Monday, December 11, 2006

Men in elementary school teaching

There is a nice article in today's Lawrence Journal World about the lack of male teachers at the elementary school level.

http://www2.ljworld.com/news/2006/dec/11/few_men_teach_elementary_level/?city_local

The article notes that the number of male elementary school teachers has actually fallen from 18% to 9% and that the over all percentage of teachers who are male at all levels of pre college teaching is at a 40 year low.

At the secondary level, men tend to go into science and math, fields where good female role models are needed as well. The article quotes Marc Mahlios, the chairman of the KU School of Ed's Department of Curriculum and Teaching (Tip of the antennae to j.d for correcting an earlier version of this post):

"Men gravitate toward teaching at the university and secondary levels because the environment is more academic, he said. In contrast, the environment is more nurturing at the elementary level...For many males, the environment is decidedly more feminine than masculine... And I think that'’s a very real issue."

Can't males be nuturing as well? One of the commenters observes:

"My suspicion is that even if there were more men graduating with a background in grade school teaching, they would be screened out when it came time to selection following interviewing. They may get the interview but in these days and times they're not going to be picked for the job. Now if they're the "girly men" Arnold referred to, there might be the rare exception or three."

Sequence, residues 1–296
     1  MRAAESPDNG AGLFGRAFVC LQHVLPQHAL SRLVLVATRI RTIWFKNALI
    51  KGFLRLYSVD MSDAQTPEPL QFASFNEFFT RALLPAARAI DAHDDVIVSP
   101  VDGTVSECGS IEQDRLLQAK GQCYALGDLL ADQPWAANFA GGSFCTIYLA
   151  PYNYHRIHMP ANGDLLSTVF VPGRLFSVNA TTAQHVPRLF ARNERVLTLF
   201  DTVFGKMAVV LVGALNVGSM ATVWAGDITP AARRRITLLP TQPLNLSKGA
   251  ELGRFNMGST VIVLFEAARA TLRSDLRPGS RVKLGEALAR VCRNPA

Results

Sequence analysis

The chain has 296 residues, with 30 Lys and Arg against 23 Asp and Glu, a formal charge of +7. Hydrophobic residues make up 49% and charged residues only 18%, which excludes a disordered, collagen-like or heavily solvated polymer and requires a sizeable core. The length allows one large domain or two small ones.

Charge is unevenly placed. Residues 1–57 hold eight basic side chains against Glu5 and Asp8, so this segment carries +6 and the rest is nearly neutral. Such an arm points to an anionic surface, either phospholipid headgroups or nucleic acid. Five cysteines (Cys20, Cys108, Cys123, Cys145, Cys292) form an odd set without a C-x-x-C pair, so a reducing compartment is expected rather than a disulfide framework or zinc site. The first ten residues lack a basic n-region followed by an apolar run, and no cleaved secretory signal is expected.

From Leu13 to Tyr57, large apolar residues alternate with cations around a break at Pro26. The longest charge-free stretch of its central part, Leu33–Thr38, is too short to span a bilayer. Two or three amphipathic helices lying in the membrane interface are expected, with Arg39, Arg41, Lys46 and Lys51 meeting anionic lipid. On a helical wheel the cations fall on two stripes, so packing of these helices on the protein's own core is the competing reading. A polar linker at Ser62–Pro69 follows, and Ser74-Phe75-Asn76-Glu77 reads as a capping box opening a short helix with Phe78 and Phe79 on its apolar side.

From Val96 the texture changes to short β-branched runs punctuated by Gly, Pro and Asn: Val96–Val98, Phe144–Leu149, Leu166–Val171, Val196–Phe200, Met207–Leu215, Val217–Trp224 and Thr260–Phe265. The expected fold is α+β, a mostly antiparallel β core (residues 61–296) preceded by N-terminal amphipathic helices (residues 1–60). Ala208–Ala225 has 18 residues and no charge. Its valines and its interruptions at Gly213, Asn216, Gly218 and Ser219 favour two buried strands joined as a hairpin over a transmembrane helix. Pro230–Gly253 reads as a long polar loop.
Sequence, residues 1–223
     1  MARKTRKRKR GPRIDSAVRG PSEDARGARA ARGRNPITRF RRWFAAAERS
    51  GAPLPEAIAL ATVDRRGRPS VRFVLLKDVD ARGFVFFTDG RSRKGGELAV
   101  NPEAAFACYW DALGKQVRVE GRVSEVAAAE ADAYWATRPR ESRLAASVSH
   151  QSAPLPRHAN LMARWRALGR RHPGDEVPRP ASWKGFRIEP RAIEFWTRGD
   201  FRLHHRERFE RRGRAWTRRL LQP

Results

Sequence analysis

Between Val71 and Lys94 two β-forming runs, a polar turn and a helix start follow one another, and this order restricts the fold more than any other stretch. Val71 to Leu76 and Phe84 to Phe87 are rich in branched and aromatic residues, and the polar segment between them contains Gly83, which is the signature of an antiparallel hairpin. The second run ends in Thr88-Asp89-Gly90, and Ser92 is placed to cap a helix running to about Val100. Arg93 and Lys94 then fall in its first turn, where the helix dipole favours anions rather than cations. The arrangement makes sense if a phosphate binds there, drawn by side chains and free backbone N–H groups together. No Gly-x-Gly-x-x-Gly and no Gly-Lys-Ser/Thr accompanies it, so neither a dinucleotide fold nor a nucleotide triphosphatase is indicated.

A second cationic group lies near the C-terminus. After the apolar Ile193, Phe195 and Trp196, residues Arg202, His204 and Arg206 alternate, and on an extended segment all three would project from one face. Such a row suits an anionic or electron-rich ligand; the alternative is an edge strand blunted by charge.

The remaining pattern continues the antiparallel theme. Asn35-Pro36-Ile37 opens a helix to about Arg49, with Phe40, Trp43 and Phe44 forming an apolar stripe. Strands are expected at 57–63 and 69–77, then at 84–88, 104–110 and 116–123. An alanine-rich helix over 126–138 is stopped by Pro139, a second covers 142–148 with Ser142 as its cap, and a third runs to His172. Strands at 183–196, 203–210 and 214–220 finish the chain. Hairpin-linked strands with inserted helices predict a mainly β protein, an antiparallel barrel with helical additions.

...screened out by the way by a so called (in the commenter's mind) old gal network.

Other commenters noted that it may well be the low pay keeping males out of the field but I think this commenter makes an important point:

"My college experience turned me away from education. I started out wanting to teach secondary sciences like physics and chemistry. The School of Ed. routinely spoke of bringing more men into the teaching profession. However, their actions proved to be just the opposite. When it came to classroom observations and student teaching opportunities, I was assigned to physical education classes every time. It turns out that I was not alone, as many of the other guys I spoke with complained of the same situation."

Yup..Since I have no interest in sports that turned me off as well. I was very fortunate to have strong male and female role models: great science teachers in my home town of Pittsfield MA such as George Hamilton, Roger Brown and Anne Nesbit; a great history teacher Mr. Hebert; great art teachers such as Morris Bennett, Mrs. Flynn in English, non academic role models including a wonderful choral director George Nesbit; Thom Smith of the Berkshire museum; George Miller, my first boss.

These were strong role models, not because they were male or female, but because they cared about people and also had high expectations. They encouraged all of us to excel and gender just was not an issue with these folks. A person like me, could just as easily been lost in the cracks. The point is we need strong role models of all sorts so that no one regardless of gender or gender identity is lost.
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